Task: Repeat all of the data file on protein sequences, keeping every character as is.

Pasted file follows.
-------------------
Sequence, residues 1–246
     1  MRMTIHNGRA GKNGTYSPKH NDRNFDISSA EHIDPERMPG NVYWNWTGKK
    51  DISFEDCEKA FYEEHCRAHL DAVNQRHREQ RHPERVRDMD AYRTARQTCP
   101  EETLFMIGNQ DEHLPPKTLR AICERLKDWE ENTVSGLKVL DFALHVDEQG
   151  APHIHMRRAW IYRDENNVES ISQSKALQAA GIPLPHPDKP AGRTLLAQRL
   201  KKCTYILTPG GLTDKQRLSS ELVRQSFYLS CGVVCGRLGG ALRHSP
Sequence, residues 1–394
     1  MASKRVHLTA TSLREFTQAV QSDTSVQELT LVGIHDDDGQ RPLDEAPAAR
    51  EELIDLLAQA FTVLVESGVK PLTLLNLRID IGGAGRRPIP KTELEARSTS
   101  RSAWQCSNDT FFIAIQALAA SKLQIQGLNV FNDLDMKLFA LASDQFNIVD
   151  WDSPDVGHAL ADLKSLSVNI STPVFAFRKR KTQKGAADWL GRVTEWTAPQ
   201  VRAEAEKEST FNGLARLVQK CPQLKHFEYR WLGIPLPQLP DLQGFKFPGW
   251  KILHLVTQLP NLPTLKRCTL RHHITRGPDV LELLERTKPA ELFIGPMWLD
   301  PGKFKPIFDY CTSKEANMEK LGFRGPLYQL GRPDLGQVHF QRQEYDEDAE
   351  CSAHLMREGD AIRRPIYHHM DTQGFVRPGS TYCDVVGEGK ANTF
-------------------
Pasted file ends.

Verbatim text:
Sequence, residues 1–246
     1  MRMTIHNGRA GKNGTYSPKH NDRNFDISSA EHIDPERMPG NVYWNWTGKK
    51  DISFEDCEKA FYEEHCRAHL DAVNQRHREQ RHPERVRDMD AYRTARQTCP
   101  EETLFMIGNQ DEHLPPKTLR AICERLKDWE ENTVSGLKVL DFALHVDEQG
   151  APHIHMRRAW IYRDENNVES ISQSKALQAA GIPLPHPDKP AGRTLLAQRL
   201  KKCTYILTPG GLTDKQRLSS ELVRQSFYLS CGVVCGRLGG ALRHSP
Sequence, residues 1–394
     1  MASKRVHLTA TSLREFTQAV QSDTSVQELT LVGIHDDDGQ RPLDEAPAAR
    51  EELIDLLAQA FTVLVESGVK PLTLLNLRID IGGAGRRPIP KTELEARSTS
   101  RSAWQCSNDT FFIAIQALAA SKLQIQGLNV FNDLDMKLFA LASDQFNIVD
   151  WDSPDVGHAL ADLKSLSVNI STPVFAFRKR KTQKGAADWL GRVTEWTAPQ
   201  VRAEAEKEST FNGLARLVQK CPQLKHFEYR WLGIPLPQLP DLQGFKFPGW
   251  KILHLVTQLP NLPTLKRCTL RHHITRGPDV LELLERTKPA ELFIGPMWLD
   301  PGKFKPIFDY CTSKEANMEK LGFRGPLYQL GRPDLGQVHF QRQEYDEDAE
   351  CSAHLMREGD AIRRPIYHHM DTQGFVRPGS TYCDVVGEGK ANTF